Heat Trace Cable vs. Immersion Heaters


With the advancement in technology and increase in industrial demand, industries have started to mobilize over different heating methodologies, such as whether to use heating cables or immersion heaters.



Heating cables are normally known as heat trace cables and can be used for various purposes- such as for viscosity control, residential roof and gutter, pipe tracing, temperature process maintenance, freeze protection.

On the other hand, when you talk about immersion heaters, they offer industrial services that

• focus on dependable systems that work in harsher conditions and

• are used in situations requiring failsafe mechanisms for mission critical operations

• are used in numerous industries for their unique characteristics

• offer benefits more diverse than heat trace cables



In the process heating industry, immersion heaters work in different project conditions, and are capable of applying direct heating to the liquid medium in an effort to independently maintain the liquid's viscosity, preventing it from freezing. The effectiveness of heating trace cables, however, are highly correlated to the liquid flow and amount of insulation available (and the condition of the insulation of a period of time) to work on protecting the medium from freezing. Industrial immersion heaters are built with temperature sensors that effectively control the target temperature, while heating cables often require separate temperature controllers to work in the same way.



Given that immersion heaters work on the principle of direct heating, chances of heat loss are comparatively lesser than for heat trace cable. Cables are not as energy efficient as industrial heaters because a great amount of heat loss is released outside the piping as opposed to direct heating through, which the heaters provide even heat to every area in the container or tank. Weather conditions are an additional factor that takes its toll on heating cable as the fluctuation of outside temperatures over time often degrades the outer sheath of the cable, leaving it susceptible to failure.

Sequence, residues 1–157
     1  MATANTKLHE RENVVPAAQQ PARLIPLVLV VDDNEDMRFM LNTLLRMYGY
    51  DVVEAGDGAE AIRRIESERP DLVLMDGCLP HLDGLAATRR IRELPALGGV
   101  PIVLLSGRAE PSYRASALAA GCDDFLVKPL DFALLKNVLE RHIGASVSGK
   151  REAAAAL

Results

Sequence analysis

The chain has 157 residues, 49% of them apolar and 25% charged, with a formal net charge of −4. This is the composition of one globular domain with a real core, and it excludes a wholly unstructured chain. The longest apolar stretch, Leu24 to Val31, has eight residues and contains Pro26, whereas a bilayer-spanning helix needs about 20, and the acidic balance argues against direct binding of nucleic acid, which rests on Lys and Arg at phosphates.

In this economically unstable world, industries need something dependable, energy efficient, results-oriented and dedicated to mission critical projects so that they can function properly with the least amount of downtime. Immersion heaters are one of the best sources to accomplish this as heat trace cables are typically designed as a low cost solution for a rather important task. Industrial heaters such as flanged and circulation heaters are useful in process heating industry. Over-the-side heaters are usually effective in complimenting petro-chemical and chemical needs.



Due to the increase in pricing of fuel, industries have started to use immersion heaters as a cost effective technique for completing their projects successfully. Heating cables are not as beneficial in this regard, due to

• indirect costs such as heat and energy loss escaping into the surrounding environment

• the extended amount of time required to heat the medium



Immersion heaters are easy to maintain and clean. They are not as sensitive as heat trace cables that need a lot of care, frequent maintenance check and technical skills.



Immersion heaters operate on a simple principle with everything available in one device. Another advantage of using immersion heater is the availability of a huge range of temperature controllers that offer extreme accuracy with provisions to keep surroundings as well as operators safe.



All in all, industrial immersion heaters have been proven by many experts to be a far better option than heat trace cables with industries having better chances to improve the quality of their services.



Ilan Toledano, is the President of Wattco. With over 20 years of experience in the electric heating industry, Ilan Toledano has been involved in sales and marketing, product development, and expansion of the industrial immersion heaters in the chemical and oil and gas industry for the past 15 years. Mr. Toledano has a B.Comm from Concordia University in Finance and Business Law; www.wattco.com.


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